May 18, 2022 - Politics & Policy

DHS preparing for violence following abortion ruling

Illustration of caution tape in front of the Supreme Court.

Illustration: Shoshana Gordon/Axios

The U.S. government is bracing for a potential surge in political violence once the Supreme Court hands down the ruling that's expected to overturn Roe v. Wade, according to a Department of Homeland Security memo obtained by Axios.

The big picture: Law enforcement agencies are investigating social-media threats to burn down or storm the Supreme Court building and murder justices and their clerks, as well as attacks targeting places of worship and abortion clinics.

Details: The unclassified May 13 memo by DHS' intelligence arm says threats that followed the leak of a draft opinion — targeting Supreme Court Justices, lawmakers and other public officials, as well as clergy and health care providers — "are likely to persist and may increase leading up to and following the issuing of the Court’s official ruling."

Context: Abortion-related violence historically has been driven by anti-abortion extremists.

  • "Some racially or ethnically motivated violent extremists’ embrace of pro-life narratives may be linked to the perception of wanting to 'save white children' and 'fight white genocide,'" the memo also says.
  • But the memo warns that this time, extremist acts could come from abortion-rights proponents as well.

But, but, but: "The mere advocacy of political or social positions, political activism, use of strong rhetoric, or generalized philosophic embrace of violent tactics does not constitute domestic violent extremism or illegal activity and is constitutionally protected."

In response to a request for comment from Axios, a DHS spokesperson said the department “is committed to protecting Americans' freedom of speech and other civil rights and civil liberties, including the right to peacefully protest.

  • "DHS is also committed to working with our partners across every level of government and the private sector to share timely information and intelligence, prevent all forms of violence, and to support law enforcement efforts to keep our communities safe.”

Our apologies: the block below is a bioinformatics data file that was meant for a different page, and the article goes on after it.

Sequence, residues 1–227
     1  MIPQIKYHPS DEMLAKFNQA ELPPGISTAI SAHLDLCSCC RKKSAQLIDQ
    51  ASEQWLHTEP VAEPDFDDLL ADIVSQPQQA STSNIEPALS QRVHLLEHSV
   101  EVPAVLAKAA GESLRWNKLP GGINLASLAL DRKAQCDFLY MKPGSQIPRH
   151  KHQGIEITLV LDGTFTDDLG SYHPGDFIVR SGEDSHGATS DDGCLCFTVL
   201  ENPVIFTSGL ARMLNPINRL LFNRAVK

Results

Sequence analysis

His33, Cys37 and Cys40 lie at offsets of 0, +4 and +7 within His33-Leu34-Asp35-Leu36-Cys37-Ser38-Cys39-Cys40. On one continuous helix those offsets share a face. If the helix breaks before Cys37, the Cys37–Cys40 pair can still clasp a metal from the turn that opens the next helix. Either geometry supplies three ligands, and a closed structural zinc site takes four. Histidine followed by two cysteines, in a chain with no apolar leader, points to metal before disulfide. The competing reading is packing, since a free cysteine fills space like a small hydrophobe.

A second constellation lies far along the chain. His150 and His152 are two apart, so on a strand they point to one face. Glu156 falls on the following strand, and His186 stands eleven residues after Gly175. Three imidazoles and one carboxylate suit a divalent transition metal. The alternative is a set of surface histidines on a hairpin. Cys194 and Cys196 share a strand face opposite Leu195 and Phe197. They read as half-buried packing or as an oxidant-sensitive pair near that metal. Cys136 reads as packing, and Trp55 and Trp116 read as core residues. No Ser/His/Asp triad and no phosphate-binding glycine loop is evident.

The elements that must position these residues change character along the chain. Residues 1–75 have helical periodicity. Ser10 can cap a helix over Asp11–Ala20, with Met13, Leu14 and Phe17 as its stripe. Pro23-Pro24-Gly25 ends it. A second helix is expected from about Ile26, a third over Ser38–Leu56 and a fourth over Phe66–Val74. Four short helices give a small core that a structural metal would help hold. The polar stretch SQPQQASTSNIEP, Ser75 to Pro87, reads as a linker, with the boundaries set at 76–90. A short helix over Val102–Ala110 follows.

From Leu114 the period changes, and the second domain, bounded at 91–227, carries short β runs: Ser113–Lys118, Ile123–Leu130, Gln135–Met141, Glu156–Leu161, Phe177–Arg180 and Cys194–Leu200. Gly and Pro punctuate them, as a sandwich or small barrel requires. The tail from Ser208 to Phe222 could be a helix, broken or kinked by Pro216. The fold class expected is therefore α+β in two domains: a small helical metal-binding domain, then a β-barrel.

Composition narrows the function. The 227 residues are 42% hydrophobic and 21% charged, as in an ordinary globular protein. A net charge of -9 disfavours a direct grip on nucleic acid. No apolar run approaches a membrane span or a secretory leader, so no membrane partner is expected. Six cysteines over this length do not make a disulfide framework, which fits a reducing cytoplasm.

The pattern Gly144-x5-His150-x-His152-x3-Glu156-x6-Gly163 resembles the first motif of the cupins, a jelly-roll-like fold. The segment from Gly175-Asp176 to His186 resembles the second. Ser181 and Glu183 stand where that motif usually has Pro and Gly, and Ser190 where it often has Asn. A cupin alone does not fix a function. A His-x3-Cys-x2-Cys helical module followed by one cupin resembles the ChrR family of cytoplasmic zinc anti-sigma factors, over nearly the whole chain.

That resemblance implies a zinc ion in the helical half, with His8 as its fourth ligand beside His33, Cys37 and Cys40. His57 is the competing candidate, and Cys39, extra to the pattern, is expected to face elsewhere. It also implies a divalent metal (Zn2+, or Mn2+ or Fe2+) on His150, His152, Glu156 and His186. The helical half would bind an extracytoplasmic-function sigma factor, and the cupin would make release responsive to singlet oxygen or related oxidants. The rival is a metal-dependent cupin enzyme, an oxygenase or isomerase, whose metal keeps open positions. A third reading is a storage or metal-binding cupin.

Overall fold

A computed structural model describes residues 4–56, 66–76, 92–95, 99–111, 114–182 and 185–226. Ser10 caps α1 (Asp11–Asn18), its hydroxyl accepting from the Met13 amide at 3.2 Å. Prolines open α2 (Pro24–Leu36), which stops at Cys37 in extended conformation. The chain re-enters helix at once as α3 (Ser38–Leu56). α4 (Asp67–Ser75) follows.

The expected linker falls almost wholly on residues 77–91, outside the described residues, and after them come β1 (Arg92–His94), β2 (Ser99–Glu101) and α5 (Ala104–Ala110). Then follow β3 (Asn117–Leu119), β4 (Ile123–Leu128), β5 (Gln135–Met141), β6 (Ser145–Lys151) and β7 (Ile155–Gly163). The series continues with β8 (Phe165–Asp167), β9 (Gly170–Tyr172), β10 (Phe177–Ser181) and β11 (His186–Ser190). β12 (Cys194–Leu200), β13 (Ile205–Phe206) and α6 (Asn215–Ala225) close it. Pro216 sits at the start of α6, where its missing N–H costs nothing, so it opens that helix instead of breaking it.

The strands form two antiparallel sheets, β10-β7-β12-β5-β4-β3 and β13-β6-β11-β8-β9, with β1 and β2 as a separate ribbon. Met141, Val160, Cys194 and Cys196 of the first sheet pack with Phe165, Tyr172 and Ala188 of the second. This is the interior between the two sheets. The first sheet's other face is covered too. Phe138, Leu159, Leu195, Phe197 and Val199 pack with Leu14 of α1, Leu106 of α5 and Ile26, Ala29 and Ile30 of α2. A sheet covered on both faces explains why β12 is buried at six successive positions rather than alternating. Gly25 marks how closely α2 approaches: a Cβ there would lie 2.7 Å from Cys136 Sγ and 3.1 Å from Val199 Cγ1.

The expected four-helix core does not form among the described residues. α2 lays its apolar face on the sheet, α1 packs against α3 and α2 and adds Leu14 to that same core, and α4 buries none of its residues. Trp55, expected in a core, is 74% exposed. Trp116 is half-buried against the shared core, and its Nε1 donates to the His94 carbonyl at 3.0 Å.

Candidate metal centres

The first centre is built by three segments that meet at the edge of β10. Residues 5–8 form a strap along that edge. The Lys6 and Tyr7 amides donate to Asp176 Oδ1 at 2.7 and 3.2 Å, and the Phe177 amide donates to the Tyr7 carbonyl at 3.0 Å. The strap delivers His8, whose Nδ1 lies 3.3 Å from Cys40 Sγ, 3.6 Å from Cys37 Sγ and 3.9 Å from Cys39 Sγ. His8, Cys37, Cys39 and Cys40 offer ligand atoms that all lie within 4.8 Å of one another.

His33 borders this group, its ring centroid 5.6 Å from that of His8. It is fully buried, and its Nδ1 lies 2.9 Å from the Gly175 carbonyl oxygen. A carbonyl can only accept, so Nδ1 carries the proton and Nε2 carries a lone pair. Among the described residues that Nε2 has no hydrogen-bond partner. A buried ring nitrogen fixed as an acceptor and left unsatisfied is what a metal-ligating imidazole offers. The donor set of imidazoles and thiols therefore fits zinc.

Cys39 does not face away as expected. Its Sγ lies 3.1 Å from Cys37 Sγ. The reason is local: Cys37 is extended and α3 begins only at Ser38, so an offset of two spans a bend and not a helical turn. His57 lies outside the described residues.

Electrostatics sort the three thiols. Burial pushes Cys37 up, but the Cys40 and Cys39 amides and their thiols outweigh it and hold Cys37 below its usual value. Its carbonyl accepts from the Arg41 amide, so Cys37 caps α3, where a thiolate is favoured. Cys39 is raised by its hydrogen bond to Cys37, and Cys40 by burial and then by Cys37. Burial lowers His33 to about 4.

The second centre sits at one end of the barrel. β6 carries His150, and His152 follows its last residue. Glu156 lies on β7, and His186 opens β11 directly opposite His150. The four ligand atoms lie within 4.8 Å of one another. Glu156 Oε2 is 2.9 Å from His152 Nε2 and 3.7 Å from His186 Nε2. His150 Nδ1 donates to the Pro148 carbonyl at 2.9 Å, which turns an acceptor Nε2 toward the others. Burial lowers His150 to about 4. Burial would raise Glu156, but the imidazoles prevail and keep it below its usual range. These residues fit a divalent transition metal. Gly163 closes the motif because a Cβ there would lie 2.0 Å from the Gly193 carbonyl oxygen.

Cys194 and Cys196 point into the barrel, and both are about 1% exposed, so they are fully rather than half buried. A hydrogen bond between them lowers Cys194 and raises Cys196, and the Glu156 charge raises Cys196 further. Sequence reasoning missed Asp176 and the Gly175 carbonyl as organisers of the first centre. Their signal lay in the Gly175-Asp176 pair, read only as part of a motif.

Between the lines: The Roe decision is flypaper for extremists. The memo, along with communications between government and the private sector, show how multiple agencies are mobilizing to try to get ahead of ahead of civil unrest.

  • The mass shooting in Buffalo, N.Y., over the weekend has "complicated everything even more," said Jonathan Wackrow, a risk management consultant and a former special agent with the U.S. Secret Service.
  • "The attack in Buffalo actually has a measured impact on this Roe decision and how people will will react to it," he told Axios. "You see that people are willing to engage in the most violent acts in furtherance of that ideology."

Even before the Supreme Court leak, the Biden administration had made a focus of combatting domestic violent extremism. DHS Secretary Alejandro Mayorkas has called the issue one of the greatest terrorism-related threats to the U.S.

What's next: Across the country, regional fusion centers — state-level hubs for communicating threat-related information — are sounding the alarm.

  • One memo from a Nevada counterterrorism agency raised concerns about the potential impact of the court decision on the the 2022 midterm elections, and safety of election workers.
  • A similar Virginia fusion center document flags the possibility of doxing and cyber attacks on abortion facilities, as well as violence from non-abortion-related extremists.
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